the community site for and by developmental biologists

Post-doc position at the NIH: New mechanisms of WNT/R-spondin signaling in development and stem cells

Posted by on April 30th, 2019

Position Description: We seek highly motivated post-doctoral Fellows interested in cell signaling at the intersection of development, stem cells and cancer. Candidates will join the group of Dr. Andres Lebensohn, an Earl Stadtman Principal Investigator in the Laboratory of Cellular and Molecular Biology (LCMB) at the Center for Cancer Research (CCR) of the National Cancer Institute[…]

Forces maintain order between cells

Posted by on April 30th, 2019

Written by Antoine Fruleux and Arezki Boudaoud As Lewis Wolpert put it (Wolpert, PLoS Biology 2010), if you extend your two arms, you will likely find that they match in length by better than 0.2%, though they do not seem to directly communicate during their development and growth. Similarly, flowers in an individual plant are[…]

PhD position: Evolutionary origin of synaptic proteins at the Sars Centre in Bergen, Norway

Posted by on April 30th, 2019

PhD position There is a vacancy for a 4-year PhD student position at the Sars International Centre for Marine Molecular Biology in the research group of Dr. Pawel Burkhardt (www.sars.no). The position is funded by Sars Centre core funding. The Sars Centre belongs to the University of Bergen and is partner of the European Molecular[…]

Postdoctoral Position in Shark EvoDevo, Stem Cell Biology and Tooth Regeneration

Posted by on April 29th, 2019

A postdoctoral position is available in the Laboratory of Gareth Fraser (www.fraser-lab.net) at the Department of Biology, University of Florida. Our lab is focused on a range of research projects based around the central theme of vertebrate evolutionary developmental biology – they include tooth development and regeneration, craniofacial diversity, EvoDevOmics, and skin appendage evolution and development.   We are looking for a motivated[…]

Postdoctoral Fellow in Neurodevelopment

Posted by on April 29th, 2019

Applications are invited from highly motivated individuals who are interested in fundamental mechanisms of neurodevelopment and neurogenetic disorders. The focus of the project is to understand neural developmental and neurological phenotypes in mouse models ofTuberous Sclerosis Complex.The fellowship is in the laboratories of Sara Wilson at the Department of Integrative Medical Biology (IMB), and Leif Carlsson[…]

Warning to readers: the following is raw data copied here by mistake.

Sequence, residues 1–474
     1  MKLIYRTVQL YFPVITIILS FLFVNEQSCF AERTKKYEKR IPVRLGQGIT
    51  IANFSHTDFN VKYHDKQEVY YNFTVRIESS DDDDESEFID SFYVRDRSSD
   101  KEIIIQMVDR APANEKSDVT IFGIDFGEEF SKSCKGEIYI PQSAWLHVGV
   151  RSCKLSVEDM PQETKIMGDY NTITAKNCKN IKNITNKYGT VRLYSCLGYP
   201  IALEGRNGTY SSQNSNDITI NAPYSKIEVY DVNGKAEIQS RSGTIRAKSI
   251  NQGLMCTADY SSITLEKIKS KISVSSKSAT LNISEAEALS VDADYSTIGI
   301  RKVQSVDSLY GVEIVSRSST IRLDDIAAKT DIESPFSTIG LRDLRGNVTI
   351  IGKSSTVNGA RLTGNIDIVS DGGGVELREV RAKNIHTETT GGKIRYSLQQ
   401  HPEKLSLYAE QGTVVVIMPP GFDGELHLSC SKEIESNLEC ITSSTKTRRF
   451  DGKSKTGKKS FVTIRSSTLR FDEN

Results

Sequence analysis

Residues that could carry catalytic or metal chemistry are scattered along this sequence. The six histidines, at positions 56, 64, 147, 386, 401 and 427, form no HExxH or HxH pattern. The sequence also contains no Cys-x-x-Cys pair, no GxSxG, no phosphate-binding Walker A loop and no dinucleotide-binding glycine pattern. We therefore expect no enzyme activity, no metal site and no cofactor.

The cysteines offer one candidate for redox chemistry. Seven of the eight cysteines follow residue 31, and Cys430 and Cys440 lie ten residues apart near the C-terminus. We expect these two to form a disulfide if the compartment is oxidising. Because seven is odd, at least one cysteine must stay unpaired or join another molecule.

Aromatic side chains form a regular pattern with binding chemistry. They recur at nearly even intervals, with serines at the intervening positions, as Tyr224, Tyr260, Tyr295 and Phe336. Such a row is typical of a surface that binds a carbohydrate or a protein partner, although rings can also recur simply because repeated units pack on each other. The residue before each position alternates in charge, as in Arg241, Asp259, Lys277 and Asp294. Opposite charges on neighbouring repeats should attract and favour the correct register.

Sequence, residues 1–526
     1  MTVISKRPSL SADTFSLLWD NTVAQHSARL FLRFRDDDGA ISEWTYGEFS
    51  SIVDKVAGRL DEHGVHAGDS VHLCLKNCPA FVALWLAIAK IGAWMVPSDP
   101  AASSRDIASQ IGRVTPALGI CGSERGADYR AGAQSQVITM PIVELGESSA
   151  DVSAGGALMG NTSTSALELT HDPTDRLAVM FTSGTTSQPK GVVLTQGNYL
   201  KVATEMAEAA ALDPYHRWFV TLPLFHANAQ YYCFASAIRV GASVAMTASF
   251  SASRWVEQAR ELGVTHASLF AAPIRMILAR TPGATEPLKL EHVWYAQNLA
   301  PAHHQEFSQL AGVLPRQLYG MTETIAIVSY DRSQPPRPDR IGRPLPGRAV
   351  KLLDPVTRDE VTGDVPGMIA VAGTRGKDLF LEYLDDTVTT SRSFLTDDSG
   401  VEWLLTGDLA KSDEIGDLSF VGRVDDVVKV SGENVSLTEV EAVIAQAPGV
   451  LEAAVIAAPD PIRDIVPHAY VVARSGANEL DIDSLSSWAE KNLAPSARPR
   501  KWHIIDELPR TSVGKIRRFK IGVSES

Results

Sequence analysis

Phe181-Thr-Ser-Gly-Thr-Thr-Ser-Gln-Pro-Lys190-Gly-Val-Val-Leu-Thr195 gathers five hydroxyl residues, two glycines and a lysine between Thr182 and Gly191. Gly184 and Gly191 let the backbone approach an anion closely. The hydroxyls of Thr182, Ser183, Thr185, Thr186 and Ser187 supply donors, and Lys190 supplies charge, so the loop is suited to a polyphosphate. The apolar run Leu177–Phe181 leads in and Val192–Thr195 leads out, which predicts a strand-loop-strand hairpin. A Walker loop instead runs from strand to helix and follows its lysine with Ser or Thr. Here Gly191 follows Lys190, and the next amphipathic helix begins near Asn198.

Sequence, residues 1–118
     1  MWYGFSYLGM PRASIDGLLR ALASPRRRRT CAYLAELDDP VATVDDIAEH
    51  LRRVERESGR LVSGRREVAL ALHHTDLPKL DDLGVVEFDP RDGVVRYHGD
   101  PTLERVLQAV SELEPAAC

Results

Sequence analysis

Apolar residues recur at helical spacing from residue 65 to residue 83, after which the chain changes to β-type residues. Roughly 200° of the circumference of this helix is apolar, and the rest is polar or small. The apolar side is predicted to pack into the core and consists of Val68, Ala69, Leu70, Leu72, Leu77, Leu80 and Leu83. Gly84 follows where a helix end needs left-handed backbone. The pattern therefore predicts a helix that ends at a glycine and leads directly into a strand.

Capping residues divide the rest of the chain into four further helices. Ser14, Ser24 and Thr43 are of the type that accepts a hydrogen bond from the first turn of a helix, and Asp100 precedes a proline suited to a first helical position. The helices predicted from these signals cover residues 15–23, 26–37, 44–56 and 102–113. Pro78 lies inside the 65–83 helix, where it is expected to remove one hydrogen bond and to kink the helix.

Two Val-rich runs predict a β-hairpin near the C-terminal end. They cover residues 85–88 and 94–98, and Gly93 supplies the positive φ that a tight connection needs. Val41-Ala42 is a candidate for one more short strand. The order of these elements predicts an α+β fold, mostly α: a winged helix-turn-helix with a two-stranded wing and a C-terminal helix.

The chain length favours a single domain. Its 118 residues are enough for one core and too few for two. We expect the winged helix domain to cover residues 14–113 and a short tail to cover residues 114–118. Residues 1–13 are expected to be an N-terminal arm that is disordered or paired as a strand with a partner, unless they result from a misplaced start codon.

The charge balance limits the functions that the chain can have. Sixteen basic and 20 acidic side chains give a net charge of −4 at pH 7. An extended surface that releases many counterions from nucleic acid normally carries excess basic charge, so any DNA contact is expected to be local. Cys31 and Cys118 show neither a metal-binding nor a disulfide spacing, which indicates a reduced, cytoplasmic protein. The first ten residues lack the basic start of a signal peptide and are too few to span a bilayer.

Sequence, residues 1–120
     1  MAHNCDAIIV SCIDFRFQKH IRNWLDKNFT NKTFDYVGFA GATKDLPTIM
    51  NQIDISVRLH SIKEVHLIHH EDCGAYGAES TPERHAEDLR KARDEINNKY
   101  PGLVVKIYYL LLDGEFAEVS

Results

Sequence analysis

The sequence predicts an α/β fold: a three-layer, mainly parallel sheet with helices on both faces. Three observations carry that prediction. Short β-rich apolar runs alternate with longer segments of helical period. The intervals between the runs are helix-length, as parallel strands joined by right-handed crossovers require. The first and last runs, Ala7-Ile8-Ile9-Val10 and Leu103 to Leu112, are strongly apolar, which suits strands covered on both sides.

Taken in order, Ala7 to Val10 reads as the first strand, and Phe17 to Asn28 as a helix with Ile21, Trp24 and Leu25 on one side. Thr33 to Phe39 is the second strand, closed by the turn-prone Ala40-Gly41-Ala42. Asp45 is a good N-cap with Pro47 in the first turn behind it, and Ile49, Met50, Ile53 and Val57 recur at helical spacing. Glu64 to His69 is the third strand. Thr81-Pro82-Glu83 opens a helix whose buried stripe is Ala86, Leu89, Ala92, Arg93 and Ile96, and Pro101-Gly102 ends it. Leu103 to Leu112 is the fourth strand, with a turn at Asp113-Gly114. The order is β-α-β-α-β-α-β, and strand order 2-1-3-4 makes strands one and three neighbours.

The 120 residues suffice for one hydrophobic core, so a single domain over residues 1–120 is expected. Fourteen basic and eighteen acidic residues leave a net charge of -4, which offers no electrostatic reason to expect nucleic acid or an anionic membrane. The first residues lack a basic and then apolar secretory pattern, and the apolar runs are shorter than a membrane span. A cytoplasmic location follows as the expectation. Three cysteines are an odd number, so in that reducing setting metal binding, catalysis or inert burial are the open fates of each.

Meeting report: “Chromatin-based regulation of development”, an excellent Workshop by the Company of Biologists

Posted by on April 26th, 2019

How can a genome’s cis-regulatory potential drive robust gene expression throughout embryonic development? Do topologically associating domains (TADs) truly contribute to gene expression by spatially constraining the regulatory actions of cis-sequences? And might phase separation by multi-valent proteins also be involved in the regulation of genes and genomic regions? The recent Company of Biologists Workshop on[…]

Image competition: a new developmental biology calendar

Posted by on April 25th, 2019

Have you got a beautiful image of a developing organism you’d like to share with the world? Or a striking computer generated visualisation, or even something you’ve drawn or painted or stitched or crafted? We’re planning a Node calendar for the academic year 2019-20, and want to fill it with your images.     Entering is[…]

Functional interrogation of the C-terminal domain of RNA polymerase II in fruit flies

Posted by on April 24th, 2019

Feiyue Lu and David Gilmour tell the story behind their recent paper in Molecular Cell RNA polymerase II (Pol II) is the enzyme responsible for transcribing most genes in eukaryotes. The C-terminal domain (CTD) is a highly repetitive, unstructured domain on the largest Pol II subunit, Rpb1. It consists of numerous repeats of seven amino acids[…]

A Madrid-Washington synergy for mouse embryo live-imaging

Posted by on April 23rd, 2019

One of the things I learned during my stay in another lab is that you can’t succeed completely by yourself. You can try, sure, but a relevant unanswered question in biology is a hard nut to crack. It usually takes a multidisciplinary approach and great ideas coming from more than one brain. Collaborations are key[…]

Post-doctoral Fellow in Pluripotent Stem Cells and Joint Tissue Development

Posted by on April 23rd, 2019

The Craft lab at Boston Children’s Hospital and Harvard Medical School is looking for an outstanding, highly motivated postdoctoral fellow to join our developmental biology and pluripotent stem cell-based team. We established directed differentiation protocols to generate distinct articular and growth plate-like cartilage lineages from human and mouse pluripotent stem cells (Craft et al., Development[…]